Comments

5 Kommentare zu Draft Position on the TSA and Travel Security

  1. Erik said on

    We’re hoping to get people to suggest improvements or disagreements with this idea. Obviously if you agree that’s great too. Please let us know what you think so we can vote on a draft policy.

  2. Also to the point, we’re trying to establish a platform, so commenting on the positions that we lay out here is key to being a part of the platform.

    For the issue of the TSA and air security policy, I think that while your points are valid, we cannot limit ourselves too much based on cost. After all, it is the safety of our citizens that is in question. We cannot really tell how many threat that these scanners are stopping, and it is imperative that we be safe to fly.
    They’ve already stopped over 130 threats, even though they’ve been
    in use for only a few months. So while I agree that they are uncomfortable, and raise some privacy issues, shouldn’t we make sure we have something just as effective before we get rid of them?

    Also, what do you mean by israeli security model? I hear that bandied about, but I don’t really know what it means.

    One thing that I think everyone interested in the pirate party will agree on, however, is the necessity of ensuring transparency in all whatever methods are chosen. Transparency does not make us less safe, it makes us more safe. Good protocols for security work even when those protocols are known. Adversaries will always be able to figure out your protocols, so they should be subjected to as much analysis as possible to make sure they are difficult to defeat even when known.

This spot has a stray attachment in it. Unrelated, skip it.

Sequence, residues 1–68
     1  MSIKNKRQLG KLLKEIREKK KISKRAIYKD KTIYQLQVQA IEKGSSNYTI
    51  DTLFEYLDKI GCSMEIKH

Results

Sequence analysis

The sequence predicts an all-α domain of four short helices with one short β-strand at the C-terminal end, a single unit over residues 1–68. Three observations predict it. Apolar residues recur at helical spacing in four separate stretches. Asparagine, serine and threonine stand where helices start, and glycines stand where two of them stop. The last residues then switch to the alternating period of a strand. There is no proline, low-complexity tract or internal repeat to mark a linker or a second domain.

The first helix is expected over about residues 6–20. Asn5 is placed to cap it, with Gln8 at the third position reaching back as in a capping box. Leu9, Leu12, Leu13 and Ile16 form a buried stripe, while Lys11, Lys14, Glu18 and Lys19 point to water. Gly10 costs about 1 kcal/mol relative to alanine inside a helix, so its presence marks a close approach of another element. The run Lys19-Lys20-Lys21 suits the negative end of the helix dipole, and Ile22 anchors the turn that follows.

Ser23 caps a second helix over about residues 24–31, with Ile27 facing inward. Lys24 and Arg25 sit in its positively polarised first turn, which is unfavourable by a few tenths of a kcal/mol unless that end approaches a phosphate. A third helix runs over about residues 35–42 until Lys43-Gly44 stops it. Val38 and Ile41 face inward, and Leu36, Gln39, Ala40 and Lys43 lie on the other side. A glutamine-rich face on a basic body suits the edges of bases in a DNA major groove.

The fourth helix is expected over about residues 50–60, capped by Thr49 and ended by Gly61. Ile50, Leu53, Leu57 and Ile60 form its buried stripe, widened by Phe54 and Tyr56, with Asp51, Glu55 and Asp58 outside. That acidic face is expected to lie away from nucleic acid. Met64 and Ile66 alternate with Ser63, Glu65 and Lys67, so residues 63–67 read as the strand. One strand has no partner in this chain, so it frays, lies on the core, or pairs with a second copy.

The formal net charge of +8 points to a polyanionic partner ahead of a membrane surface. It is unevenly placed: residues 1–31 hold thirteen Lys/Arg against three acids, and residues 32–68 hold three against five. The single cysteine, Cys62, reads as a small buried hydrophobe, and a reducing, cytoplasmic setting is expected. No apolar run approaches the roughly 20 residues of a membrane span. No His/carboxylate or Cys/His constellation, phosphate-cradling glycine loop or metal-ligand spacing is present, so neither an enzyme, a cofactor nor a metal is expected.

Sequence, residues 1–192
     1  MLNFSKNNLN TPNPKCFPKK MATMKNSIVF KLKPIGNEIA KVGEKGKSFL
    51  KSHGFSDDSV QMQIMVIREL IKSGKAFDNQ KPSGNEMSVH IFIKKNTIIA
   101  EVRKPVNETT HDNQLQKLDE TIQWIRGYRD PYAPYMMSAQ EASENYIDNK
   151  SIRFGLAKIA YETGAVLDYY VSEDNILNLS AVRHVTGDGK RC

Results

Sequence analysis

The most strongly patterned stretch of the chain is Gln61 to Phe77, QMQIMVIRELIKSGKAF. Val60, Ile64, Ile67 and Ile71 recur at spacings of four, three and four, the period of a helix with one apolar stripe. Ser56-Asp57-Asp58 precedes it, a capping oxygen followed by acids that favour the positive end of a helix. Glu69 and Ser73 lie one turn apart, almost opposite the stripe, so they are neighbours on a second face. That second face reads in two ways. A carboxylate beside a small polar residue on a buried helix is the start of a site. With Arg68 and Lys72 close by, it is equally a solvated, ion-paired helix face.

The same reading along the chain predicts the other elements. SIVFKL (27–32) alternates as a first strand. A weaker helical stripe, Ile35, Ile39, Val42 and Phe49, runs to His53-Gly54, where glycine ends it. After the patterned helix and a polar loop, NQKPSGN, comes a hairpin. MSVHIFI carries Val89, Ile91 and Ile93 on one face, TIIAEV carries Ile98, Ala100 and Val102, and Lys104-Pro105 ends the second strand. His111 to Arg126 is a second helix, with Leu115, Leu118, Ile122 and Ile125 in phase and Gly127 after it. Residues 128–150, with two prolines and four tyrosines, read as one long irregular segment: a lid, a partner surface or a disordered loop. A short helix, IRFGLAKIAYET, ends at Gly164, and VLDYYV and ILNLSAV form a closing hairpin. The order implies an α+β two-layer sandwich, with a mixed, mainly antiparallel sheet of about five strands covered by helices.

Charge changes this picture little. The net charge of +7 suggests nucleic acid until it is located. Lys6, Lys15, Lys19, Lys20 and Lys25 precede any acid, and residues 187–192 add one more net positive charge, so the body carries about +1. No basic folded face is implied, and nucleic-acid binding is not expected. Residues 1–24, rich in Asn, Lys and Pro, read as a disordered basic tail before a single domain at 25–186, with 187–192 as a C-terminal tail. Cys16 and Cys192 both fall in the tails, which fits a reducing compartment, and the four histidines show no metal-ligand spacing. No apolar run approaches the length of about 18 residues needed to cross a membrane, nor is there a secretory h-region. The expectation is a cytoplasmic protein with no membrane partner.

The Obama administration, sadly, is not following this essential security procedure. They are hiding and obfuscating most of the information surrounding the efficacy of these scanners. That cannot continue.

  3. Erik said on

    I’m not an expert. Briefly, the Israeli model focuses more on travelers and less on what they are carrying. You would be asked a series of rapid-fire questions including unexpected off the wall questions that would make it hard to keep your story safe if you’re lying. They look at the stamps in your passport and will spend a lot more time questioning you, if you have traveled to countries that they consider suspicious. It’s mentioned a lot, because they undoubtedly face the greatest threat and yet their planes are safe.

    I’m not necessarily averse to spending a lot of money to stop terrorists. However, if two methods are equally effective then which one is best? I would propose that cost, privacy and the ease of implementing them are other factors to take into account.

    I completely agree with your comments on transparency — if the government solved this problem then it would go a long way to addressing my concerns.

    • Jim said on

      I agree on the Israeli model. Focusing on the person rather then what they are carrying is the way to go.

      Also as far as the United States is concerned, why cant they develop a system where once you book a flight, it pre-screens you for some type of quick backround check. if it raises any flags then a more extensive check is required to fly or enter the US? Id rather see money going towards a system like this then it being wasted on counter-measures that were for a previous attack or attempt?

      • I believe pre-screening is done, and there is a watch list, from which it is difficult to be removed, is not terribly accurate and which can cause people to be banned from flying, which seems to be counter to our belief in freedom of movement.